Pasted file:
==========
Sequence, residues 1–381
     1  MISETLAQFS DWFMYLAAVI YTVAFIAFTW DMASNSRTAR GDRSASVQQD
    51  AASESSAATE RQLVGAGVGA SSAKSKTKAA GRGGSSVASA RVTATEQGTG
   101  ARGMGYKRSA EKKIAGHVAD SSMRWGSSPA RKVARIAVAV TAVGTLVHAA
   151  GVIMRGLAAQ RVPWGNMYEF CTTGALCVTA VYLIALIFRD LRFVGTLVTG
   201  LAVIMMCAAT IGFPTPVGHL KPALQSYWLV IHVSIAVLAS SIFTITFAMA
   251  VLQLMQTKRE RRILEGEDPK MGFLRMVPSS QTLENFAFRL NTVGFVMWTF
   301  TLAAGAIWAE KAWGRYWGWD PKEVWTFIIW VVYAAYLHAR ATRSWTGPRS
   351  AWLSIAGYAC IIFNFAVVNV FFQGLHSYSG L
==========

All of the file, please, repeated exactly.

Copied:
Sequence, residues 1–381
     1  MISETLAQFS DWFMYLAAVI YTVAFIAFTW DMASNSRTAR GDRSASVQQD
    51  AASESSAATE RQLVGAGVGA SSAKSKTKAA GRGGSSVASA RVTATEQGTG
   101  ARGMGYKRSA EKKIAGHVAD SSMRWGSSPA RKVARIAVAV TAVGTLVHAA
   151  GVIMRGLAAQ RVPWGNMYEF CTTGALCVTA VYLIALIFRD LRFVGTLVTG
   201  LAVIMMCAAT IGFPTPVGHL KPALQSYWLV IHVSIAVLAS SIFTITFAMA
   251  VLQLMQTKRE RRILEGEDPK MGFLRMVPSS QTLENFAFRL NTVGFVMWTF
   301  TLAAGAIWAE KAWGRYWGWD PKEVWTFIIW VVYAAYLHAR ATRSWTGPRS
   351  AWLSIAGYAC IIFNFAVVNV FFQGLHSYSG L